Kentucky Sen. Rand Paul has finally ended his bid for the presidency, and will instead focus on his senate re-election.
Mr. Paul’s campaign had been struggling for months, and talk of him dropping out began as early as September of last year. His campaign was spending more money than it was bringing in, his poll numbers were steadily low and he was wafting in and out of the undercard debate. One of his longtime aides was even charged with concealing payments to an Iowa state senator while working for Mr. Paul’s father in 2012.
It is a little surprising that Mr. Paul dropped out before New Hampshire, considering his fifth-place finish in the Iowa caucus. Of course, fifth place out of 12 candidates might sound like a decent finishing, but no candidate that has placed lower than fourth has ever gone on to win his or her party’s nomination. Add to that the fact that Mr. Paul received a lower percentage of the vote than his father Ron in 2008 or 2012, and Mr. Paul’s fifth-place finish doesn’t seem so impressive.
Mr. Paul received 4.54 percent of the votes (giving him one delegate) in Iowa. In 2008, Ron Paul received 9.9 percent of the votes and in 2012 he received a whopping 21.5 percent for a third-place finish.
Even with those numbers, Ron Paul went on to lose the nomination to Arizona Sen. John McCain in 2008 and former Massachusetts Gov. Mitt Romney in 2012.
I was disappointed in Mr. Paul’s campaign from the beginning, as I was an early fan of his (I did a lot of reporting on the National Security Agency a couple years ago). Prior to announcing his presidential bid, Mr. Paul and Texas Sen. Ted Cruz were constantly in the headlines—whether for good or bad. But after they announced their campaigns for the presidency, they each fell off the map. I realize they were out campaigning, but the lack of media attention helped create a sort of vacuum that was filled by business mogul Donald Trump.
Mr. Cruz has managed to become a frontrunner due to his debate performances and extensive field team. Mr. Paul’s campaign was struggling as mentioned earlier, and his debate performances were so-so at best. It was difficult to watch, considering his rockstar status as a Libertarian senator known for fighting the establishment.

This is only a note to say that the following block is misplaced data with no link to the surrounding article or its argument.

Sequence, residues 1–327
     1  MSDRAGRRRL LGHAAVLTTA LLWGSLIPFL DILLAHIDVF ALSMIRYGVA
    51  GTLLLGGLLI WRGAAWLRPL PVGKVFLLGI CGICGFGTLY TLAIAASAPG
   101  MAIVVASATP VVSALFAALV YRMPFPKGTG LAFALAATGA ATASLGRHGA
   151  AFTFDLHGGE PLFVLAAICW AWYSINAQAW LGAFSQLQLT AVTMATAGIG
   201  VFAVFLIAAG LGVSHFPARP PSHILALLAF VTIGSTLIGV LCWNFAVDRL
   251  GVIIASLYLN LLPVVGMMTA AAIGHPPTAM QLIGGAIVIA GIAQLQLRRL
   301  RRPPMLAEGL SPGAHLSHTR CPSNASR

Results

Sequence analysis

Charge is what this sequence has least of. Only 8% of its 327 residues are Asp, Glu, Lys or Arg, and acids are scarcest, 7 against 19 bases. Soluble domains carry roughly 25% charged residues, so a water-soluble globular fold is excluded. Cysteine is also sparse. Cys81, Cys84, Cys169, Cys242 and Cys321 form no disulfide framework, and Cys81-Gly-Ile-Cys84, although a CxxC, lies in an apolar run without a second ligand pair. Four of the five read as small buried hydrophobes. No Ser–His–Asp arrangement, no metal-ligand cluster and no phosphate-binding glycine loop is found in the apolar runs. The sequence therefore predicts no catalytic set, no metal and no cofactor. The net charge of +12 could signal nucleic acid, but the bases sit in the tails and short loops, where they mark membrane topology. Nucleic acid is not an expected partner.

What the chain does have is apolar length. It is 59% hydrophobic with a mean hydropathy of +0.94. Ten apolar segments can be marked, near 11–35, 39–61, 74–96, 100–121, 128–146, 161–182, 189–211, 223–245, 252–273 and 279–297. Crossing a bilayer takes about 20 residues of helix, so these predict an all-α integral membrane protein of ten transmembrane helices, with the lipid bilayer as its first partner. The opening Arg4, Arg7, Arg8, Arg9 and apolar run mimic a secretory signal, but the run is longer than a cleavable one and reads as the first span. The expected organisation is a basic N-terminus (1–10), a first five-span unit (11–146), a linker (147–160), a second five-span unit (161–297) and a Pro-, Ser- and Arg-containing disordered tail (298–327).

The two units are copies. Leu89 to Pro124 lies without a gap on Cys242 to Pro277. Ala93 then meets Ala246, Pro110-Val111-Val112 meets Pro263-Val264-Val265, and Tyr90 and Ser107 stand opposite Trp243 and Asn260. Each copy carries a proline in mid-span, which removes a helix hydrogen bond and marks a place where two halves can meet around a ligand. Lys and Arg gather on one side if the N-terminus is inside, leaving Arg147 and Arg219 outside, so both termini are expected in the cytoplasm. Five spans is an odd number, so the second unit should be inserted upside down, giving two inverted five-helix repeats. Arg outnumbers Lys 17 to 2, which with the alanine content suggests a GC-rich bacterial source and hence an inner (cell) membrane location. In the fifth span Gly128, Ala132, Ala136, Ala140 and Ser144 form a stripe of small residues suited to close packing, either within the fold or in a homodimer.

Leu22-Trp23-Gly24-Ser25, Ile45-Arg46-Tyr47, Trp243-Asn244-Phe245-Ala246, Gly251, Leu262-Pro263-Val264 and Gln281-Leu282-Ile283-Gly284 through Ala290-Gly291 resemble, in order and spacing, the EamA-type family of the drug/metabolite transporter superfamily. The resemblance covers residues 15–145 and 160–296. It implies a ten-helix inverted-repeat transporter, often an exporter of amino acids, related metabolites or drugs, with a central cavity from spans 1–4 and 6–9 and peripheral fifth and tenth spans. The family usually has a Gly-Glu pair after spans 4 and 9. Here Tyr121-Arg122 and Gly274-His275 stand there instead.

Another problem that may have led to Mr. Paul’s downfall was his views on foreign policy. In 2012, Republicans nominated Mr. Romney, who was about the worst candidate to nominate for a party who wanted to make Obamacare a central part of the election. This was due to the fact that Mr. Romney had implemented what would become the model for Obamacare in Massachusetts, which had become known as Romneycare.
Now in 2016, the Democratic candidate who until recently seemed inevitable, Hillary Clinton, has a foreign policy record that is downright disastrous. Under her leadership at the State Department, the world saw the rise of terrorist groups like Boko Haram and the Islamic State. Dictators were toppled just as Saddam Hussein was under President George W. Bush, and just like in the Bush years, the regions became less stable and more violent after.
So it didn’t seem smart to nominate a candidate whose foreign policy views are more isolationist than hawkish at a time when terrorists are killing thousands.
I figured Mr. Paul would be the next top-tier candidate to drop out, but I thought he would have dropped out earlier or stayed in until after the New Hampshire primary. Now he can go back to the senate, where he probably would have been more effective anyway. I had high hopes for him as a presidential contender (you were the chosen one who was supposed to create a Big Tent for the Republican party!), but his voice is desperately needed in the senate.